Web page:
I love this skinny, what-was-a-row house, on South Locust Avenue, in that elusive town of Centralia. When I drove by on Route 61, over Thanksgiving, it was gone. Which means that whom ever the house belonged to either passed away or moved out.
I went back in early January to re-take the photograph. There was absolutely nothing there to signify that a house had stood in that spot. The grass, even in the middle of the winter, had grown over the lumpy dirt where the foundation was ripped out. It was as if the earth wanted to forget it quickly and healed over as fast as it could, despite the cold, wet winter.
One of my favorite books about Centralia is Slow Burn: A Photodocument of Centralia, Pennsylvania by Renee Jacobs. Jacobs lived with a family in Centralia as the issues in the early and mid 80’s started to develop. An intimate look into the lives of the former residents, it portrays the huge divide between those who wanted to stay and those who wanted to leave. The book documents the fight for and eventual loss of the community. It is powerful and well-written and stands as one of the few sources about the town of Centralia and what was lost to the fires.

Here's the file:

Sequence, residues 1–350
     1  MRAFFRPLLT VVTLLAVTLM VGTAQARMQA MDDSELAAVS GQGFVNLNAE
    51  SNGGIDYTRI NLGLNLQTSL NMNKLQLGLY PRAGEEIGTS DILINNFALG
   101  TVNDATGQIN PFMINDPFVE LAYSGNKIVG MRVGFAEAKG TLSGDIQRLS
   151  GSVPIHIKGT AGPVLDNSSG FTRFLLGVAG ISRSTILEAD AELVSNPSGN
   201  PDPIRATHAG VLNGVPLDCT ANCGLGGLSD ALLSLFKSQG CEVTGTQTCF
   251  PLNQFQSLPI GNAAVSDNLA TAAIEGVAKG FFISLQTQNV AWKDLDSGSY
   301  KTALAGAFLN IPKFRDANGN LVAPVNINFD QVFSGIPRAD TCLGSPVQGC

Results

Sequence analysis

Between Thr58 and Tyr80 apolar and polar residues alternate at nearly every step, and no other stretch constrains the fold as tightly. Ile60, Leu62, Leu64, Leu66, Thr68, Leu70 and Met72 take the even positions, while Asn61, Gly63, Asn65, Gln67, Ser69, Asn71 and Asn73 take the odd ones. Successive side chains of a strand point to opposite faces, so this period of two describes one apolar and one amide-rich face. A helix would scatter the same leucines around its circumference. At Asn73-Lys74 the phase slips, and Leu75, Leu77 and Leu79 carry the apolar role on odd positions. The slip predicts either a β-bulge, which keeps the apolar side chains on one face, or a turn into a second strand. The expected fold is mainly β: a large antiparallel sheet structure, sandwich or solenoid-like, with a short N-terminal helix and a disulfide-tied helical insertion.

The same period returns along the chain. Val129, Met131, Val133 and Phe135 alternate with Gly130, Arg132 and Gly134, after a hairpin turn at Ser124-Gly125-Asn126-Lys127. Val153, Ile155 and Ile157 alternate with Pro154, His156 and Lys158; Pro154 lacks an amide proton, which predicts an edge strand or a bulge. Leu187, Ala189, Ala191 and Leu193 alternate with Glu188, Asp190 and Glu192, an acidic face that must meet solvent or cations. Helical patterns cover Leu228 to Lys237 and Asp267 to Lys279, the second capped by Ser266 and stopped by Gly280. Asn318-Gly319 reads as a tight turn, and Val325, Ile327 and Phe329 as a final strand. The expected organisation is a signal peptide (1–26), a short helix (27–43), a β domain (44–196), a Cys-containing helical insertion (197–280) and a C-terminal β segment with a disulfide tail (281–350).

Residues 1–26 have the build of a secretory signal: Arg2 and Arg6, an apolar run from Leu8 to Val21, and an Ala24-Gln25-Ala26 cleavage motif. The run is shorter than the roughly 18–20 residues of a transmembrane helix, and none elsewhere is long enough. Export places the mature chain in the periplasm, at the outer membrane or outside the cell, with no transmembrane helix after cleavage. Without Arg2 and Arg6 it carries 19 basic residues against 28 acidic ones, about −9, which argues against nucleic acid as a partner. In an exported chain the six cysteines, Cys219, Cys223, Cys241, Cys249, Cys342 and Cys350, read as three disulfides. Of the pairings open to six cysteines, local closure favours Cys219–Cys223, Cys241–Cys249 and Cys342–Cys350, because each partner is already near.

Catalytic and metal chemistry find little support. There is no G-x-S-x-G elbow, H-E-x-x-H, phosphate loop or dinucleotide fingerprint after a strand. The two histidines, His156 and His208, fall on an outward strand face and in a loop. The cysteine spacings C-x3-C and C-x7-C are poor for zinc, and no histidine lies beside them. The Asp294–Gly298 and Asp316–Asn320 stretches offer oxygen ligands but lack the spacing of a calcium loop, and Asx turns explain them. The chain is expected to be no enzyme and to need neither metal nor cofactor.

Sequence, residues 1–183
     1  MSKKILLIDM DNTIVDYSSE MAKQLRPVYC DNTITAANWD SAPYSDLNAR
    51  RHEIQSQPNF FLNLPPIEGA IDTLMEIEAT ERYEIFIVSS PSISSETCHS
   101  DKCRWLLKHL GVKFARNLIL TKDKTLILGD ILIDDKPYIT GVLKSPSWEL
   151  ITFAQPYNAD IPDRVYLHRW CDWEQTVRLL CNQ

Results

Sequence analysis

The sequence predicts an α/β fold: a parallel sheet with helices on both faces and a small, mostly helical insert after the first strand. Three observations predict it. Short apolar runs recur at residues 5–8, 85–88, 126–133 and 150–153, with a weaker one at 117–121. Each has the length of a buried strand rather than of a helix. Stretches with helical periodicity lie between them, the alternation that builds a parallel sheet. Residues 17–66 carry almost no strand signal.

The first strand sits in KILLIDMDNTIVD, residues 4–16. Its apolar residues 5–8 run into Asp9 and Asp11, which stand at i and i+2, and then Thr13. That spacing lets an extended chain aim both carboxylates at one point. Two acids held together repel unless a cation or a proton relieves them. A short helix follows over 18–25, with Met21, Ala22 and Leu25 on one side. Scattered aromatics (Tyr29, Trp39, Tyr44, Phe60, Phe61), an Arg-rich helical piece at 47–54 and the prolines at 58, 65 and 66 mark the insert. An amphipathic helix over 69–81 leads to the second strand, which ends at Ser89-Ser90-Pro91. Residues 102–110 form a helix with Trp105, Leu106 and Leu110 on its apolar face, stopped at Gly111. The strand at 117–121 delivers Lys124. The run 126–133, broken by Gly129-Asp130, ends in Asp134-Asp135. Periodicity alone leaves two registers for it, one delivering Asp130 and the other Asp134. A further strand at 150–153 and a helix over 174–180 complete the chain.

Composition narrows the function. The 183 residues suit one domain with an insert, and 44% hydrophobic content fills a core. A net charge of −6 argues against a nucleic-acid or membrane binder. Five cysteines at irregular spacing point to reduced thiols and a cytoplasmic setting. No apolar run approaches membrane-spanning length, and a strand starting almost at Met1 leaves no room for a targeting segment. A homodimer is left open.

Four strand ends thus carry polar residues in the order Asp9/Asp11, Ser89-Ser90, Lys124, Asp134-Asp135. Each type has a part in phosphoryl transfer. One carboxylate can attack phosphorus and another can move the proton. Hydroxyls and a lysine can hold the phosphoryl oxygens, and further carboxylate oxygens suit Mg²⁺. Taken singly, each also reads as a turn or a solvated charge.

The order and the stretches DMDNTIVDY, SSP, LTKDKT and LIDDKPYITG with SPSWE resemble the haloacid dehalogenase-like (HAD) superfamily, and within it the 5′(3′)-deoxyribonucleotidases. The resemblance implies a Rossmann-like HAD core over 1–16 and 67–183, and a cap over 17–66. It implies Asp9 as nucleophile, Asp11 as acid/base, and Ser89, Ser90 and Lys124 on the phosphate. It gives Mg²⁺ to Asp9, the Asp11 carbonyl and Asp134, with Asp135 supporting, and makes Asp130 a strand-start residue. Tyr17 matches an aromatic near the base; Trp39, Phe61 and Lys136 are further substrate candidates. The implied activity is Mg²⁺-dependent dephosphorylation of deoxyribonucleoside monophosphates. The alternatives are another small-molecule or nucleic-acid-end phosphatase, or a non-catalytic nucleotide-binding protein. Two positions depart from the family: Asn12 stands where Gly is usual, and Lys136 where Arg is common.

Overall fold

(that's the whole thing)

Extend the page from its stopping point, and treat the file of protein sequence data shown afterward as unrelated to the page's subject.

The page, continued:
David DeKok’s Unseen Danger is currently sitting on my book shelf. It is an in-depth, text-only look at what really happened there and how the people of the town came together to secure a future that didn’t involve gas alarms in their kitchens and bedrooms.
I still think that, in context to where Centralia is, the story is unsurprising. The weight of being in Centralia is no different than the weight of being in any other part of the Coal Region. It blends into the strip mines and culm piles, a mere blip on the screen of your windshield if you’re not paying attention to road signs.
It is no secret that I am totally obsessed with the Pennsylvania Anthracite Coal Region. I’ve posted about it before and talked about it at great length, but I thought this would be a good place to start this blog.